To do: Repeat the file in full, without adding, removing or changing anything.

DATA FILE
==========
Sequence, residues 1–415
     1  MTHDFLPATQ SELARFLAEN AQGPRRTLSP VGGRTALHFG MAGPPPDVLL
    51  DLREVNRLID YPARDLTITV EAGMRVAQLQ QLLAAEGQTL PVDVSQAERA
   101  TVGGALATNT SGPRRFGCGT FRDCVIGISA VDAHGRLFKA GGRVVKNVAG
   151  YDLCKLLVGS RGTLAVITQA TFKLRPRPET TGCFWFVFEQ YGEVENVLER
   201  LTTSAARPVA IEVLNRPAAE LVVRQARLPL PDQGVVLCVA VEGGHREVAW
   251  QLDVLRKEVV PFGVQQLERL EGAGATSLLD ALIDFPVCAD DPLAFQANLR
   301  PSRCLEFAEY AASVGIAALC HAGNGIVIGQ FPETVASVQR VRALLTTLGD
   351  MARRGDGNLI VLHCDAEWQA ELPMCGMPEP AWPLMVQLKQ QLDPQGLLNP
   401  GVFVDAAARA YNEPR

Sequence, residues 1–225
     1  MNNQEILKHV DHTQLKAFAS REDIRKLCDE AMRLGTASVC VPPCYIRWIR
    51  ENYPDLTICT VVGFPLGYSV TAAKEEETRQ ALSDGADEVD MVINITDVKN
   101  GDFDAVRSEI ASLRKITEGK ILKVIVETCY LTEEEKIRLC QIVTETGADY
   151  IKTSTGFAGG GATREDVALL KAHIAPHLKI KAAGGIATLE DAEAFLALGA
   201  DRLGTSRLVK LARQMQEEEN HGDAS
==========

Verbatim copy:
Sequence, residues 1–415
     1  MTHDFLPATQ SELARFLAEN AQGPRRTLSP VGGRTALHFG MAGPPPDVLL
    51  DLREVNRLID YPARDLTITV EAGMRVAQLQ QLLAAEGQTL PVDVSQAERA
   101  TVGGALATNT SGPRRFGCGT FRDCVIGISA VDAHGRLFKA GGRVVKNVAG
   151  YDLCKLLVGS RGTLAVITQA TFKLRPRPET TGCFWFVFEQ YGEVENVLER
   201  LTTSAARPVA IEVLNRPAAE LVVRQARLPL PDQGVVLCVA VEGGHREVAW
   251  QLDVLRKEVV PFGVQQLERL EGAGATSLLD ALIDFPVCAD DPLAFQANLR
   301  PSRCLEFAEY AASVGIAALC HAGNGIVIGQ FPETVASVQR VRALLTTLGD
   351  MARRGDGNLI VLHCDAEWQA ELPMCGMPEP AWPLMVQLKQ QLDPQGLLNP
   401  GVFVDAAARA YNEPR

Sequence, residues 1–225
     1  MNNQEILKHV DHTQLKAFAS REDIRKLCDE AMRLGTASVC VPPCYIRWIR
    51  ENYPDLTICT VVGFPLGYSV TAAKEEETRQ ALSDGADEVD MVINITDVKN
   101  GDFDAVRSEI ASLRKITEGK ILKVIVETCY LTEEEKIRLC QIVTETGADY
   151  IKTSTGFAGG GATREDVALL KAHIAPHLKI KAAGGIATLE DAEAFLALGA
   201  DRLGTSRLVK LARQMQEEEN HGDAS